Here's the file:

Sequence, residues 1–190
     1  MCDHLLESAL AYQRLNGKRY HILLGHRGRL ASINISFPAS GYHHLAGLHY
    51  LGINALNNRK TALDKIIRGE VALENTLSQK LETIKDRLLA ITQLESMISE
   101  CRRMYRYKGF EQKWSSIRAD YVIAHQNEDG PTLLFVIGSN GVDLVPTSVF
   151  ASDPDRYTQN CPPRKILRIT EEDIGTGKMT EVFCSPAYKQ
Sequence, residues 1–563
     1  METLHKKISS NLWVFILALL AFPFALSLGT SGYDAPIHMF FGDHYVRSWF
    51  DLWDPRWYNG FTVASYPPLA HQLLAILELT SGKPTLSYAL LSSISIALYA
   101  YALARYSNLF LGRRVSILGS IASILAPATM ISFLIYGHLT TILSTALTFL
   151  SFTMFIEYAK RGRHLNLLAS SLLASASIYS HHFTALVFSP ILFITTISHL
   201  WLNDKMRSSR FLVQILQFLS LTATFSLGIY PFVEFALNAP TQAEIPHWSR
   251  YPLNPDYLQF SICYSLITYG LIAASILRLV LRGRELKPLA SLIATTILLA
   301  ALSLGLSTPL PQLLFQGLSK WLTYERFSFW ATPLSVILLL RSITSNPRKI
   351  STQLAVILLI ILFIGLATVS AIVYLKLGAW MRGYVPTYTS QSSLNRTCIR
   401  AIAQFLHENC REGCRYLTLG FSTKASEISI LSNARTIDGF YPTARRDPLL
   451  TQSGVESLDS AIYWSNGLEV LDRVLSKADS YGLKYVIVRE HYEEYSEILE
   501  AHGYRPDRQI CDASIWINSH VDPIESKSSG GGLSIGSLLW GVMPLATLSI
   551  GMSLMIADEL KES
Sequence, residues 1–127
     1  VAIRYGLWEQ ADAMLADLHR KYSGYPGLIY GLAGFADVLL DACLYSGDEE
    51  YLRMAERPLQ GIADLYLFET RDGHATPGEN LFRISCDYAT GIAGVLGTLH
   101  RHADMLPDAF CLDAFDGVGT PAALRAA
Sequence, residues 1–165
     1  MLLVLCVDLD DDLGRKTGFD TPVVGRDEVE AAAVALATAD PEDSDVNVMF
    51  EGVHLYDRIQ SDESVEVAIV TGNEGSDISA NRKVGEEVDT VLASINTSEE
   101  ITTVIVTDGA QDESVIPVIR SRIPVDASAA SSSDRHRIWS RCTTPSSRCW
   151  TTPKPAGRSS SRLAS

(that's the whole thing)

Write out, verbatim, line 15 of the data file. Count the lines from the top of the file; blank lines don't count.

   401  AIAQFLHENC REGCRYLTLG FSTKASEISI LSNARTIDGF YPTARRDPLL